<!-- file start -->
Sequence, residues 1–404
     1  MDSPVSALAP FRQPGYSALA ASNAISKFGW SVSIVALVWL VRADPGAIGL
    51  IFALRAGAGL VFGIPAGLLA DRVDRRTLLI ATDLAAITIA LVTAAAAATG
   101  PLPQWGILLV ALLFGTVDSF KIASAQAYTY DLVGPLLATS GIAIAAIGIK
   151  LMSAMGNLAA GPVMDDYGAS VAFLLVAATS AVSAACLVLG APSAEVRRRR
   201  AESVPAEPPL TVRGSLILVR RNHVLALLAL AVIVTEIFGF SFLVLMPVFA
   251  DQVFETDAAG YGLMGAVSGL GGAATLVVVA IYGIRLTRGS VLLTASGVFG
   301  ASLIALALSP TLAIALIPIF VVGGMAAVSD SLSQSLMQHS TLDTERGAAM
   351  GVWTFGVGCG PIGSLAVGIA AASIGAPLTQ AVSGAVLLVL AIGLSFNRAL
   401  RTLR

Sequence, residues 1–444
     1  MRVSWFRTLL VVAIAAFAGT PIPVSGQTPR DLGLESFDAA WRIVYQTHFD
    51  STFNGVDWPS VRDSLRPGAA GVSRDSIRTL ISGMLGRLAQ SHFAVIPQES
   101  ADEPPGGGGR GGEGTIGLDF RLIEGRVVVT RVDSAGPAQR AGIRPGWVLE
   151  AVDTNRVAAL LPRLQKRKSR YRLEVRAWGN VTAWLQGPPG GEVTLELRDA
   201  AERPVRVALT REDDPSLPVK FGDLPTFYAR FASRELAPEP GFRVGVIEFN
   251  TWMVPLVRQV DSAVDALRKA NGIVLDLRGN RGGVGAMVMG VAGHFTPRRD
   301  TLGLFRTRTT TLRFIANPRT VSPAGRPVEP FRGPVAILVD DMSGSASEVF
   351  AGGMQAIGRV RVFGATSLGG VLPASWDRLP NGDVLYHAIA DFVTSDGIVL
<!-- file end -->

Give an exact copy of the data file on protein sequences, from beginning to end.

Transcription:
Sequence, residues 1–404
     1  MDSPVSALAP FRQPGYSALA ASNAISKFGW SVSIVALVWL VRADPGAIGL
    51  IFALRAGAGL VFGIPAGLLA DRVDRRTLLI ATDLAAITIA LVTAAAAATG
   101  PLPQWGILLV ALLFGTVDSF KIASAQAYTY DLVGPLLATS GIAIAAIGIK
   151  LMSAMGNLAA GPVMDDYGAS VAFLLVAATS AVSAACLVLG APSAEVRRRR
   201  AESVPAEPPL TVRGSLILVR RNHVLALLAL AVIVTEIFGF SFLVLMPVFA
   251  DQVFETDAAG YGLMGAVSGL GGAATLVVVA IYGIRLTRGS VLLTASGVFG
   301  ASLIALALSP TLAIALIPIF VVGGMAAVSD SLSQSLMQHS TLDTERGAAM
   351  GVWTFGVGCG PIGSLAVGIA AASIGAPLTQ AVSGAVLLVL AIGLSFNRAL
   401  RTLR

Sequence, residues 1–444
     1  MRVSWFRTLL VVAIAAFAGT PIPVSGQTPR DLGLESFDAA WRIVYQTHFD
    51  STFNGVDWPS VRDSLRPGAA GVSRDSIRTL ISGMLGRLAQ SHFAVIPQES
   101  ADEPPGGGGR GGEGTIGLDF RLIEGRVVVT RVDSAGPAQR AGIRPGWVLE
   151  AVDTNRVAAL LPRLQKRKSR YRLEVRAWGN VTAWLQGPPG GEVTLELRDA
   201  AERPVRVALT REDDPSLPVK FGDLPTFYAR FASRELAPEP GFRVGVIEFN
   251  TWMVPLVRQV DSAVDALRKA NGIVLDLRGN RGGVGAMVMG VAGHFTPRRD
   301  TLGLFRTRTT TLRFIANPRT VSPAGRPVEP FRGPVAILVD DMSGSASEVF
   351  AGGMQAIGRV RVFGATSLGG VLPASWDRLP NGDVLYHAIA DFVTSDGIVL